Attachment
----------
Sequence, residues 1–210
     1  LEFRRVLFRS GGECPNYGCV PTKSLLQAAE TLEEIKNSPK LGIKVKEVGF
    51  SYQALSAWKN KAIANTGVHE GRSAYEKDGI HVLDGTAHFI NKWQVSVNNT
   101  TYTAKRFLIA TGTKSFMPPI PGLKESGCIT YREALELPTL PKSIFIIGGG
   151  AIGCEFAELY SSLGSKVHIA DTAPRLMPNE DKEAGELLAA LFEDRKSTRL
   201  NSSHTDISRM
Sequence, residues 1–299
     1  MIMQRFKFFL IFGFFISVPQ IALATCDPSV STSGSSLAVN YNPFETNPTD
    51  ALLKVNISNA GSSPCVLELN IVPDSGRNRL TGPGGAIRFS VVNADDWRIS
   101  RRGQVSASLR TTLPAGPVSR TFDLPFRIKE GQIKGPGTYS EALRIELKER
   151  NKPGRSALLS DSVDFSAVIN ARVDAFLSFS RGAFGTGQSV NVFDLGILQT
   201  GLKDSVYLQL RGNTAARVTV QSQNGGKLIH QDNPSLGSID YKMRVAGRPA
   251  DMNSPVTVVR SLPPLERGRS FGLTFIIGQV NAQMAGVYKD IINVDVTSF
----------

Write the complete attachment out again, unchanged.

Sequence, residues 1–210
     1  LEFRRVLFRS GGECPNYGCV PTKSLLQAAE TLEEIKNSPK LGIKVKEVGF
    51  SYQALSAWKN KAIANTGVHE GRSAYEKDGI HVLDGTAHFI NKWQVSVNNT
   101  TYTAKRFLIA TGTKSFMPPI PGLKESGCIT YREALELPTL PKSIFIIGGG
   151  AIGCEFAELY SSLGSKVHIA DTAPRLMPNE DKEAGELLAA LFEDRKSTRL
   201  NSSHTDISRM
Sequence, residues 1–299
     1  MIMQRFKFFL IFGFFISVPQ IALATCDPSV STSGSSLAVN YNPFETNPTD
    51  ALLKVNISNA GSSPCVLELN IVPDSGRNRL TGPGGAIRFS VVNADDWRIS
   101  RRGQVSASLR TTLPAGPVSR TFDLPFRIKE GQIKGPGTYS EALRIELKER
   151  NKPGRSALLS DSVDFSAVIN ARVDAFLSFS RGAFGTGQSV NVFDLGILQT
   201  GLKDSVYLQL RGNTAARVTV QSQNGGKLIH QDNPSLGSID YKMRVAGRPA
   251  DMNSPVTVVR SLPPLERGRS FGLTFIIGQV NAQMAGVYKD IINVDVTSF